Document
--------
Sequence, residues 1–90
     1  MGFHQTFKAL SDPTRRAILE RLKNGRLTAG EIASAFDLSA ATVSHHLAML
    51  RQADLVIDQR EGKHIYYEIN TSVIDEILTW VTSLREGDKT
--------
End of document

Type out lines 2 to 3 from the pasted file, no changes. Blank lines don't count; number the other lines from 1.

     1  MGFHQTFKAL SDPTRRAILE RLKNGRLTAG EIASAFDLSA ATVSHHLAML
    51  RQADLVIDQR EGKHIYYEIN TSVIDEILTW VTSLREGDKT